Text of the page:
The point of our time with the Lord isn’t anything more than our being. Stop. Period. It begins and ends with our willingness to simply show up and be. To still our hearts and minds, as best we can, and listen to Him, as best we can, because we not only affirm that He’s worth it but we prove it by our actions. We genuinely and wholeheartedly believe that He is worth our time, our attention, our hearts, our minds, and our response.

It’s less about what I walk away with and more about who I’m slowly becoming.

Ten minutes of alone time with Jesus doesn’t necessarily guarantee my spiritual rejuvenation.

What it does is remind my soul, whether I feel it or not, that I’m the Beloved. It reminds my spirit what His voice sounds like, whether or not I feel like I’m hearing it in the moment. It sensitizes my soul to His nearness. So that when His whispers and nudges come in the midst of the noise of my daily life, I’m more able to recognize it.

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Known and Loved

I have this theory about life, which I’ve likely borrowed from any number of books or lectures I’ve heard over the past 21 years, and here it is:

our deepest longing as people is to be known and loved.

We live busy, rushed lives where these things often get pushed to the wayside. Meaningful connections and moments are replaced by a hurried pace and self-absorbed actions. Our deepest desires manifest themselves in other ways as we seek to be known by others – through what we post on social media, through the way we talk about ourselves, through self-promotion of the things that give us confidence. All of that stems out of a longing to be unconditionally loved; when we don’t feel that kind of love, we question whether or not all of us is worth loving, and we engage in subsequent image management. If we control what people know then by a strange association we can control their love. Thus, we continually seek approval, relationships (whether emotionally or physically intimate), and anything else that enables our desire to either run away from engaging in deep knowing/loving of others or to pursue it in ways where we still maintain control.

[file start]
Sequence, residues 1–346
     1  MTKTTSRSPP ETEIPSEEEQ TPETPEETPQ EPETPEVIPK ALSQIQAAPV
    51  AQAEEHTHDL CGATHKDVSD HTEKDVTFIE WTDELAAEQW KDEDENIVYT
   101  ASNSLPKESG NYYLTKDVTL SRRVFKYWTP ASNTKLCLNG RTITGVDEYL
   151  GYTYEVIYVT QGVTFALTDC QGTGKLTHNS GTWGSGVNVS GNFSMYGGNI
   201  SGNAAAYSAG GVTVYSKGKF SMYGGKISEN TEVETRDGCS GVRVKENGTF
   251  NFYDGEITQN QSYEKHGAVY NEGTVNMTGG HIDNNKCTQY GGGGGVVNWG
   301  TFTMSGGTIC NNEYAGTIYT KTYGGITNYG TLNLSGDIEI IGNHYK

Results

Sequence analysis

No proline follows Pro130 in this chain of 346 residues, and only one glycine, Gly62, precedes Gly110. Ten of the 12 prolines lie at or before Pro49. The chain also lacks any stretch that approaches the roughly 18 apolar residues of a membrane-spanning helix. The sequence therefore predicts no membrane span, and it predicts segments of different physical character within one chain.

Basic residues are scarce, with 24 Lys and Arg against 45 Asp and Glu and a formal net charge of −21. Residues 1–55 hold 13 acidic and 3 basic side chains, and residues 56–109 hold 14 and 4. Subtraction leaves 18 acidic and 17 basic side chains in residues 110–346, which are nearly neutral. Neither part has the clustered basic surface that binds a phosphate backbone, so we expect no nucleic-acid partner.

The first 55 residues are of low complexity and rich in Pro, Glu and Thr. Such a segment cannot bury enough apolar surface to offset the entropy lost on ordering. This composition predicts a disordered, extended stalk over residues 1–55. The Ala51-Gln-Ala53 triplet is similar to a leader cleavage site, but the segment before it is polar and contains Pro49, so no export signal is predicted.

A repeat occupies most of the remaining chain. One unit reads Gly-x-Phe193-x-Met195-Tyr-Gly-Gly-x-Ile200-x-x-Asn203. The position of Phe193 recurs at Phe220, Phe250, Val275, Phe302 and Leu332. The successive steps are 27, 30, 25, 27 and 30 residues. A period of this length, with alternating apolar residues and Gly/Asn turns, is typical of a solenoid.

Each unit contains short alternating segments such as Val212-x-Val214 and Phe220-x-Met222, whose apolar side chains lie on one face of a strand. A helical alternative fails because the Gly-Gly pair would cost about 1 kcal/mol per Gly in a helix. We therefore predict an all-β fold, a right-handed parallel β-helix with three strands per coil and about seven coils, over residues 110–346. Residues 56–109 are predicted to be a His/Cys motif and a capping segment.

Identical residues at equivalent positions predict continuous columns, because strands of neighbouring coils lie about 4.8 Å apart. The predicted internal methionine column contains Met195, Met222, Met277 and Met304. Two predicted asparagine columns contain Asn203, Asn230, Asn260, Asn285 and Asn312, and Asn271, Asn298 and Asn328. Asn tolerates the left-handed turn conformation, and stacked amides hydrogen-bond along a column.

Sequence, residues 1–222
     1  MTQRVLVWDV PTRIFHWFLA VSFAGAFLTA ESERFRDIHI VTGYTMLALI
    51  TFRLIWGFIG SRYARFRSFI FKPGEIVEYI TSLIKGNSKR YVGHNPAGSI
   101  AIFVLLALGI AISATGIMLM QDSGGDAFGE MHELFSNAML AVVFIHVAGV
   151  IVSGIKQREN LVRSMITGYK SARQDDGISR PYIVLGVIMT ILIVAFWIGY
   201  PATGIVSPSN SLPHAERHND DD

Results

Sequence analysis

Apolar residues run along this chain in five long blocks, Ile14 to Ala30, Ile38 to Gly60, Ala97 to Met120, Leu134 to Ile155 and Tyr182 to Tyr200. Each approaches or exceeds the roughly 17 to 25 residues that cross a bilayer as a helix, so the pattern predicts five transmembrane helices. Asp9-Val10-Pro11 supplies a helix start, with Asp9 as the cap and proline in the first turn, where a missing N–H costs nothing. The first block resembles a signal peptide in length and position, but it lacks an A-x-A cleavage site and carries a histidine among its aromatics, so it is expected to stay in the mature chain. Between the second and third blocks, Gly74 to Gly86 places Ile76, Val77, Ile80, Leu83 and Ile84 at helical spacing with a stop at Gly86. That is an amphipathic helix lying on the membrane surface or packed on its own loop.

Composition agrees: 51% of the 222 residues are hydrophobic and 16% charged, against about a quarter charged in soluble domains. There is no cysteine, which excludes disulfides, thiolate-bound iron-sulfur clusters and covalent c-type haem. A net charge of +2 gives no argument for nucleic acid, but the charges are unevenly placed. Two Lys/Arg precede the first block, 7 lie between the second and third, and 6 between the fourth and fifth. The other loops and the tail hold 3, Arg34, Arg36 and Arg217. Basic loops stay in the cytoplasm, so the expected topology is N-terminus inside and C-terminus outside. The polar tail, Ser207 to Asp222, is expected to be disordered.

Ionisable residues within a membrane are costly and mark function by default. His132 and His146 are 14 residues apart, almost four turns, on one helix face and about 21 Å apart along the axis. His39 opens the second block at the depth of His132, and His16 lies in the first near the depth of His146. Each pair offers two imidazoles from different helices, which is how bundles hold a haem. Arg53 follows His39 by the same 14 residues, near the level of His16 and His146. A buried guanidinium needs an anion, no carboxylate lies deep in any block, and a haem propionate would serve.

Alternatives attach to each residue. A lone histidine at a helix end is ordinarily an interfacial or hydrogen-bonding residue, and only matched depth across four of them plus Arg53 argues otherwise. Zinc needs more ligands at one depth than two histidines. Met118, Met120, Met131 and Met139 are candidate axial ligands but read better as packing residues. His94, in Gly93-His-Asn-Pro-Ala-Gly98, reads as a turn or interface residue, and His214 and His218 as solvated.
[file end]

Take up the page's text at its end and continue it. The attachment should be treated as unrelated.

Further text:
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So tonight, I find myself curled up in my Clemson blanket, next to a candle that I’m not technically supposed to have lit, in the sunroom, writing out a tentative plan for highschool small group tomorrow. I’m drawing from Bonhoeffer’s God is in the Manger for themes of waiting, hearing, and the season of Advent in general. I’m intentionally leaving space at the end of the time for the girls to reflect and develop a personal awareness to the movement of the Holy Spirit in the space we’ve allotted for that kind of thing. The tentativeness of the plan comes from a desire to the let these girls, on the precipice of adulthood, have some level of say in what their small group looks like. If they want to talk about something else for two hours, that’s fine. I’m flexible.